September 20, 2018 | ° F

Gender stereotypes seen in dating abuse study

Both psychological and physical abuse in dating relationships have been reported among high school and college students in the United States, with mental and physical health consequences similar to that of cohabiting adults. Whereas women are much more likely than men to be the victims of domestic violence, most studies on adolescents found that males experience rates of relationship abuse similar to or greater than that of females. In order to explore this apparent disparity, in 2007 my University colleagues — Sarah McMahon-Cannizzo, School of Social Work and Ruth Anne Koenick, Director of Sexual Assault Services and Crime Victim Assistance Unit — and I conducted a dating assessment survey during class time among Rutgers-New Brunswick undergraduate volunteers. Our subjects were 18 to 25-years-old, freshmen to seniors, and with a current or past college dating relationship of at least two months. Results are being prepared for publication but we want to provide the highlights to the University community now before more of our subjects have graduated.

Subjects reported one of five frequencies from "never" to "very frequently" of their partner's behavior on 40 items distributed among one positive scale and eight abuse scales. We analyzed the results of the heterosexual sample, 662 female and 293 male respondents, using chi-square and multivariate analyses of variance. Most background items did not vary significantly by gender, including age, college year, citizenship, marital and cohabitation status. Somewhat more male than female respondents were white or Hispanic, neither religious nor spiritual and had shorter relationships.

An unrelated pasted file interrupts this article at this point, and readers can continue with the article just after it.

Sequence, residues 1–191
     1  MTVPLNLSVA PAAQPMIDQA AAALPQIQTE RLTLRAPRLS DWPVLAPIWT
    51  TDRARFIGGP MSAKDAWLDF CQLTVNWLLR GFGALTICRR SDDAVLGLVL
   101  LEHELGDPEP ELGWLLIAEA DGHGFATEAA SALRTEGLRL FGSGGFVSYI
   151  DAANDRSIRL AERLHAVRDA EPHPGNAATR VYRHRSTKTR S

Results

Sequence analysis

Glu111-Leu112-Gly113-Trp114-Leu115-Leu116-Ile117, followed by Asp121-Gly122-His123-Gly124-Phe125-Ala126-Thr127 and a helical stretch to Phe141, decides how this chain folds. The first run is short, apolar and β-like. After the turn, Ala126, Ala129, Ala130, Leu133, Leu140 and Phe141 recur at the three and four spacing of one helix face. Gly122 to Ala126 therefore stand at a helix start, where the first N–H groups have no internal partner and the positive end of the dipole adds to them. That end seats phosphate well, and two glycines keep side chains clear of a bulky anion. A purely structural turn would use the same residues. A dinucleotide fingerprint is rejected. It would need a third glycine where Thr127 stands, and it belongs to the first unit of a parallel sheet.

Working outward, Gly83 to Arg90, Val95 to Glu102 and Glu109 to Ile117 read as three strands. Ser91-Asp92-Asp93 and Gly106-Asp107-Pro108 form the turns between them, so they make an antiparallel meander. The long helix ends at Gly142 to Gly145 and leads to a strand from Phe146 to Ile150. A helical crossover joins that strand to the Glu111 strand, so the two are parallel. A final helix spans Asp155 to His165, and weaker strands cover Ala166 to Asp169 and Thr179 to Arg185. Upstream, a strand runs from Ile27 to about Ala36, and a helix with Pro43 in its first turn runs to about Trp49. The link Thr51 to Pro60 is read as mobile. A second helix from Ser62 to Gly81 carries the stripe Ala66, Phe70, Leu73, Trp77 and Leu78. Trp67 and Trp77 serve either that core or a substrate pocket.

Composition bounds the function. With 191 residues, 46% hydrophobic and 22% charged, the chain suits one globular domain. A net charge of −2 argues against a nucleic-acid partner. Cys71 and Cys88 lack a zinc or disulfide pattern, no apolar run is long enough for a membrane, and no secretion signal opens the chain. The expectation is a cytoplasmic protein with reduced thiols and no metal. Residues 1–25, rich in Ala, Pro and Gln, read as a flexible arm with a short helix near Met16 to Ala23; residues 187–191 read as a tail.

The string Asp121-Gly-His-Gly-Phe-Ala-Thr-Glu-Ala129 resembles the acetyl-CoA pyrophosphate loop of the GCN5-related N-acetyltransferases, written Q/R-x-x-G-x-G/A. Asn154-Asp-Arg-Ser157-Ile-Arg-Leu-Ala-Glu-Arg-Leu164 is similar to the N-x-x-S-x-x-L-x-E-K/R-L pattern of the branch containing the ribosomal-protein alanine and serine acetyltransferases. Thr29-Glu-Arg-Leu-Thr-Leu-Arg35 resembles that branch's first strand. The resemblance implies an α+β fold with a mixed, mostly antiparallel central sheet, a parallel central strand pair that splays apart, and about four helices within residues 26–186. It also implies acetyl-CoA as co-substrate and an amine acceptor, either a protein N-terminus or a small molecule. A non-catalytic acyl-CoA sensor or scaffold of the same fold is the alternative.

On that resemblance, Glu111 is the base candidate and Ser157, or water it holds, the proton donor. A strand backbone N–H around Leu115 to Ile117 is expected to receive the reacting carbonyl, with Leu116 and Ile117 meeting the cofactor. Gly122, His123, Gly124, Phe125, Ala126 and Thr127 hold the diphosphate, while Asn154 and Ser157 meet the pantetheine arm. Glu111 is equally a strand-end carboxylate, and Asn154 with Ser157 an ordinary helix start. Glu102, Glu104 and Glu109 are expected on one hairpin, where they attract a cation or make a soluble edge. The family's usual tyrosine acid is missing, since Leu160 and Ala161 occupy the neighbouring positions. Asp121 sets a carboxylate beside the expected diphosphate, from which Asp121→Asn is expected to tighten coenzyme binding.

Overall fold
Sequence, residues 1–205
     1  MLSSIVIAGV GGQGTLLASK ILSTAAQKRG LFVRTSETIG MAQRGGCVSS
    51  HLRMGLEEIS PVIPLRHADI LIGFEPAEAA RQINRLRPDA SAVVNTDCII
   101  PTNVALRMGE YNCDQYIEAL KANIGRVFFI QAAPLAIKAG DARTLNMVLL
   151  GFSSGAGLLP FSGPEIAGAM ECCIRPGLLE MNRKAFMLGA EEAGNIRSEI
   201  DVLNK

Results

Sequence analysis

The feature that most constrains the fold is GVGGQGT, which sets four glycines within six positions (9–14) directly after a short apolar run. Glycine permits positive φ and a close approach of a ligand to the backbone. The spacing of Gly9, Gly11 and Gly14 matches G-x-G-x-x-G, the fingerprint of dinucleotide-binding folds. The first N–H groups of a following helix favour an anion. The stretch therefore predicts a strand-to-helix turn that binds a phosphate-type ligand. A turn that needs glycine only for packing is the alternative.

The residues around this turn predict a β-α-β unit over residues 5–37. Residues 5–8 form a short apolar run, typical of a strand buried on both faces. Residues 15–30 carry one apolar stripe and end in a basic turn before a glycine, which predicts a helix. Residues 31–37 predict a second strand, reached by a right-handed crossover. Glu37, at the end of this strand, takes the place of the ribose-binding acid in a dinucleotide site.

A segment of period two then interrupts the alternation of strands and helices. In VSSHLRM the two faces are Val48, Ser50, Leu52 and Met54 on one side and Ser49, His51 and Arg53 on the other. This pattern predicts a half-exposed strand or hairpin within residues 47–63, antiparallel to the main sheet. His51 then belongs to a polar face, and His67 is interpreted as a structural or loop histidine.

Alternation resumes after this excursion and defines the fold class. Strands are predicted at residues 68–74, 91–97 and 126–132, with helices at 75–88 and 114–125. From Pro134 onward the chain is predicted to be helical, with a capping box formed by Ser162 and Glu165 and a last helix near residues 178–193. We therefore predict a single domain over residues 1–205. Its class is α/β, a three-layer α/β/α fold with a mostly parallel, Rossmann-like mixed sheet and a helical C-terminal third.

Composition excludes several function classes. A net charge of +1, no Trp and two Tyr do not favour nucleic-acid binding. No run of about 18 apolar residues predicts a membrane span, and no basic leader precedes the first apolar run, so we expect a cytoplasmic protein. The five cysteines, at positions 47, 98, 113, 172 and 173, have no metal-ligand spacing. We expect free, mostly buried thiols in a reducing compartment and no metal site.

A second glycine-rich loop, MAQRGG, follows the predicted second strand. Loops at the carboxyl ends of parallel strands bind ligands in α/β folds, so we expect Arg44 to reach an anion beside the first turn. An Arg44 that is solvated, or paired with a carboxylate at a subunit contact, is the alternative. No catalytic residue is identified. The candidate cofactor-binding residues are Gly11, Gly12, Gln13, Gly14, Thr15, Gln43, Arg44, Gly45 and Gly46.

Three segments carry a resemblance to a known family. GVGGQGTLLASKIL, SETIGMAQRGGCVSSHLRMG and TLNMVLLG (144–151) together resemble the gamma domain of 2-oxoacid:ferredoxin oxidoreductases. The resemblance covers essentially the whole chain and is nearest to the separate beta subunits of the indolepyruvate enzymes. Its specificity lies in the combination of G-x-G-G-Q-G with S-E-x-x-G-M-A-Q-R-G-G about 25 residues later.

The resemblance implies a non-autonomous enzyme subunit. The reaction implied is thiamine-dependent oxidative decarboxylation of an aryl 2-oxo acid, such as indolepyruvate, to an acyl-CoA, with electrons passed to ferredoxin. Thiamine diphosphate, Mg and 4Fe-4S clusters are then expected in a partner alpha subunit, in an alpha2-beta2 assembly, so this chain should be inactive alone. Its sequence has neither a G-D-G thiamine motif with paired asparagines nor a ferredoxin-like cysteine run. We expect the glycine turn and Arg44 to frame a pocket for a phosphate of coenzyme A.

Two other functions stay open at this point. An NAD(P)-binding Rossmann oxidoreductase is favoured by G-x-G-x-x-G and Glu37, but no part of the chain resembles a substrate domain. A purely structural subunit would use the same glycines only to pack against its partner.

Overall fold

Females were significantly more favorable than were males about their partner on the positive scale. There was no gender difference on the sexual abuse scale. For the remaining seven abuse scales, males reported more abuse than females, for both non-physical and physical items. Fortunately, the overall levels of dating abuse we found were low, with the highest frequencies reported by a minority of the students.

The non-physical forms of abuse included self-esteem, isolation and emotional control, jealousy, verbal abuse and withdrawal. These categories included items such as: my partner ordered me around, threatened or harassed me, monitored my interactions with other people and insulted me in front of others. Males also reported more threatening behavior — "my partner threatened to hit or hurt me" — and more physical abuse. The latter includes the two items that showed the largest gender differences: intentional infliction of pain by pinching or slapping and throwing something at the respondent.

A gender difference abuse average, calculated from the 19 abuse items that were significantly different by gender, was used to divide our sample into categories of high, medium and low. Gender differences were evident in each category. The percentage of males was twice as high as that of females in high, 10 percent versus 5 percent; 50 percent higher in medium, 54 percent versus 37 percent; and 50 percent lower in low, 37 percent versus 58 percent. These gender differences occurred in both short- and long-term relationships.

What might account for our findings of greater male than female report of abuse in their college dating relationship? One hypothesis is suggested by the third largest gender difference: "My partner had radical mood changes: sad, calm, euphoric, angry, hyperirritable." Types of psychopathology with a greater preponderance of females than males emerge during adolescence, including premenstrual syndrome, depression, anxiety disorders, eating disorders and borderline personality disorder. Behaviors accompanying all of these disorders might be perceived by a partner as radical mood changes. Another possibility is that males may perceive abusive behavior by females more harshly than vice versa. Males have a greater preponderance than females of substance abuse, which in part may contribute to their abusiveness in dating relationships.

We welcome feedback from our subjects and others in the University community.

Judith M. Stern is a recently retired professor of psychology at Rutgers whose courses included "Psychology of Sex and Gender" and "Abnormal Psychology." Stern welcomes feedback at

Judith M. Stern

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